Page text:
I grew up loving Jony Ive, and Dieter Rams. For years I really strived to achieve their simplicity in what they put into the world, and still do to a certain extent. I like Yves Behar, some of Phillipe Starck’s work; from a more arty side I like Thomas Heatherwick; and even more arty I love Gaudi. Visiting Barcelona was an absolute revelation for me, it changed my perspective on many things.

What’s the scariest thing about your job and how have you overcome it?

The possibility that I can get to the end of a project and I’ve overlooked something that is a fundamental problem that is solely my fault for missing. That is difficult to get my head around. Less so is having that happen but the realisation coming from above you in the chain of command when you raised the issue months ago…! I’m not sure I can ever overcome it, it’s my job to make mistakes really, but I’ve just got to make sure I make as many as possible, as early as possible. But the main thing to avoid them, I suppose, is effective communication. I’m realising that more and more as my career progresses.

What do you want to change about your industry?

I think the ability to draw people in from different backgrounds is essential to any creative endeavour. If you only have 1 or 2 types of view point feeding in, there’s only a certain number of combinations of outcomes. The more you open up the perspectives at the start, the greater scope for the result at the end. It might take longer, but in my experience, something truly great never gets done quickly. So access for people from a variety of backgrounds and perspectives is important in design. But also trying to get decision makers in positions of relative power to be more confident and trust the people they have hired to to their job. That is the one of the biggest, most time-consuming stumbling blocks I experience: getting someone to trust you if they are unsure about something or don’t feel confident to make a choice.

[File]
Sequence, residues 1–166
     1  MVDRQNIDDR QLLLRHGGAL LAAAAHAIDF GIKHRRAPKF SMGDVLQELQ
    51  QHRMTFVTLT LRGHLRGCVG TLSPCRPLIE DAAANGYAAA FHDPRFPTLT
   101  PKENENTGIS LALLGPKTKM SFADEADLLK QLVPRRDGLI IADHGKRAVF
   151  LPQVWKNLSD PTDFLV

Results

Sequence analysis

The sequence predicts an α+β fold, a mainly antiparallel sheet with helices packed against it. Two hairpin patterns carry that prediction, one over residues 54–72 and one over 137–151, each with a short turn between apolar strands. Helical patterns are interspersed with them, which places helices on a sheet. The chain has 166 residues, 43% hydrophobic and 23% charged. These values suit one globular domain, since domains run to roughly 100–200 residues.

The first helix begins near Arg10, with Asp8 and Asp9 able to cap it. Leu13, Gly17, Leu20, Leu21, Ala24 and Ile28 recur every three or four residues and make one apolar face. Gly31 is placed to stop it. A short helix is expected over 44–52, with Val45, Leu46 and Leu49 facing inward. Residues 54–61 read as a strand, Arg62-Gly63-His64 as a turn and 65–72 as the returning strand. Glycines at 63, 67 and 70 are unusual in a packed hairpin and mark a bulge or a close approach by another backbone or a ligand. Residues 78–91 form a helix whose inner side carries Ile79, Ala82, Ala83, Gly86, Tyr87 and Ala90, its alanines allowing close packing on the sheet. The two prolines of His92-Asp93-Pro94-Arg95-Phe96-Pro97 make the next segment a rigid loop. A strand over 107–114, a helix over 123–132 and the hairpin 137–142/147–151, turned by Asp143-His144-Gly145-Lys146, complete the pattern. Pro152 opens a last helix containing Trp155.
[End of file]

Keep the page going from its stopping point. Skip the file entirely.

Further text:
What advice would you give someone who is starting out in your field?

This is difficult! Firstly I suppose, is to be completely honest with yourself. Don’t ask what you want to be, but ask what activities you enjoy doing, because you might find there’s a massive cross over with loads of different design disciplines. Ask yourself, do you like working with physical 3 dimensional shapes? Do you prefer the concept generation end of the scale, or idea realisation? Once you’ve been honest with yourself and asked what you prefer, then do the same but about what you are actually good at. Because in my experience, a certain amount of pleasure comes from the thinking, some from the doing, and there definitely has to be some pleasure in seeing a good final result. So knowing what you are good at and knowing where your best final result is, should be key to knowing where to place yourself in the field. But that all starts with being completely honest with yourself.

Other pointers: speak to as many people in your broad field as possible, don’t just listen to one person. Bear in mind that there is rarely 1 right way of doing anything, so cast the net wide at the start of any search. And try to keep an open mind, but that should be second nature if you are already contemplating design as a career!


bottom of page